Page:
Expert screenwriting tips by working screenwriters
Many non-pro screenwriters stumble when dealing with foreign languages.
They frequently include foreign languages in dialogue with translations - they shouldn't.
There are a number of techniques.
The use of parentheticals is an effective technique provided the screenplay only occasionally strays into foreign dialogue.
E.g.: (in French), (in Spanish) etc
Here's an example from the Bourne Ultimatum script by Tony Gilroy et al:
Bourne freezes POLICEMAN #2 with his gun and a look.
Give me your gun and radio.
Policeman #2's gun and radio skittle across the floor.
My argument is not with you.
Bourne smashes the radio and takes the gun.
The use of parentheticals is fine provided it's not excessive. The problem is non-pros tend to use them excessively which can be exceedingly distracting for readers. Overuse of parentheticals slows the read and can even sore it.
Butter is a fantastic script. The author Jason Micallef received a Nicholl Fellowship in 2008 for it, two years late the movie was released (starring Hugh Jackman, Olivia Wilde, Jennifer Garner et al). The script, particularly the dialogue sparkles.
But imagine every line of this dialogue exchange with parentheticals - it would eventually get wearing:
INT. THE PICKLER FAMILY HOME - LATER
Bob sits on the couch with his head down. He holds a BAG OF ICE on his crotch. Laura stands with her hands crossed.
She had tattoos, Bob. You know what that means, right? It means she has AIDS!
How long has this been going on?
Bob stands up.
It was just one time. And look,
you're not innocent in this whole-
You're sleeping on the couch tonight.
I sleep on the couch every night.
(pulling it back together)
If I were you I'd get a good night sleep. County is in a month so we have a lot of work to do.
Laura. It's over. I'm not entering County. Orval and I agreed -
We have to get the butter, sharpen the trowels. We should check the cooling unit to make sure29
Laura. Listen to me. I'm not competing this year.
I know... I am.
Bob falls back down on the couch.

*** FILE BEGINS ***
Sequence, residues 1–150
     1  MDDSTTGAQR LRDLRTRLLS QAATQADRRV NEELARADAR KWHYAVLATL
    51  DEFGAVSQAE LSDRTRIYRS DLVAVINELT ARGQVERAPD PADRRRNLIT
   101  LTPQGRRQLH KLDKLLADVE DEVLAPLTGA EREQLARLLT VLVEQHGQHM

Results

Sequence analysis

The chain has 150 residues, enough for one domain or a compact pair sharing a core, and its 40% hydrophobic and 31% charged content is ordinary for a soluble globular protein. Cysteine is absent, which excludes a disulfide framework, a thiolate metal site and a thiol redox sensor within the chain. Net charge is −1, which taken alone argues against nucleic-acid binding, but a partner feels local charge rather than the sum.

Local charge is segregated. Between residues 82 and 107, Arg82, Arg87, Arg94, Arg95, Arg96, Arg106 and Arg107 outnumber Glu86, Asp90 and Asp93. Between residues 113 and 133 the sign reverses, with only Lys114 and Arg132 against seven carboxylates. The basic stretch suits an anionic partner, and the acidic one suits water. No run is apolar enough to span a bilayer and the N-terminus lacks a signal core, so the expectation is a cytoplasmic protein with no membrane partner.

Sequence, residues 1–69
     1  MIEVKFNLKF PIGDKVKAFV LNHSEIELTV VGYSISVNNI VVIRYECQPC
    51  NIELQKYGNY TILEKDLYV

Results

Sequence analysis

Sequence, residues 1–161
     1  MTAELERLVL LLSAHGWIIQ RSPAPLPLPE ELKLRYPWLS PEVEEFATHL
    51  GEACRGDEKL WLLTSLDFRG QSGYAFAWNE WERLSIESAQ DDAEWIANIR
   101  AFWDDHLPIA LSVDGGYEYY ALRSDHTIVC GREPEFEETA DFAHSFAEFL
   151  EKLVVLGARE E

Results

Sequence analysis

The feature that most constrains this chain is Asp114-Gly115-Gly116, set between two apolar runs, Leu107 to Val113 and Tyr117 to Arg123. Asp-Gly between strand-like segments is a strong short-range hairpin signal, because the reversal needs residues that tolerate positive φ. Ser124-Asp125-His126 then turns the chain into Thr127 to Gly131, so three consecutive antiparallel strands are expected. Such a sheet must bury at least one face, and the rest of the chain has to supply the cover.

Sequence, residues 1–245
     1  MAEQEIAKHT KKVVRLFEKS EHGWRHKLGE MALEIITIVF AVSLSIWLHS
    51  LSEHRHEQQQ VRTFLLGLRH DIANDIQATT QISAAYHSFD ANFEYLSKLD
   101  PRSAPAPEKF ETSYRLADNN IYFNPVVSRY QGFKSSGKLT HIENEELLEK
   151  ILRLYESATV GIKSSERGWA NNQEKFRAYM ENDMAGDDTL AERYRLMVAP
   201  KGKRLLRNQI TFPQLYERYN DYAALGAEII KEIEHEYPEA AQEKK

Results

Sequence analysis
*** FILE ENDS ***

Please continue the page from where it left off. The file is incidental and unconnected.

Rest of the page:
I'm competing. I'll win county, and then take back what is rightfully ours. And you're going to help me. Good night.
Bob looks at her, dead-eyed.
Oh, and I need my beauty rest tonight, so don't be so goddamn loud when you jack-off.
And with that, Laura heads upstairs.
We've received many a non-pro screenplay that had long foreign language dialogue exchanges using parentheticals.
When a screenplay has a particularly foreign dialogue-heavy scene, many pros simply state this at the start of the scene:
All dialogue in Spanish.
Here's an example of this technique it in use:
INT. LIVING AREA
At least a hundred candles have been placed around the apartment. A dinner arrangement, together with flowers and more candles, await on the dining table.
Happy anniversary beautiful.
Wow baby, this is so amazing.
If a lot of scenes have foreign dialogue, some pros use:
All dialogue in italics is in Spanish.
An example of this in use:
Happy anniversary beautiful.
Intercom system CHIMES.
You expecting anyone?
John goes to the intercom, sees UNKNOWN (30s)--
Yes, what is it?
Note an exchange in English was about to take place, hence the non-use of italics in the last sentence.
The advantage of this technique is that
henceforth, any other scenes that use Spanish do not need to include 'All dialogue in italics is in Spanish', just use italics.
It makes for a fast, flowing read.
Some pro screenwriters have a preference for using brackets instead of italics. In the script they state:
All dialogue in brackets is in Cantonese.
(You're never gettin' outta here.)
Highly successful screenwriter Steven Knight used this technique effectively in Red Circle.
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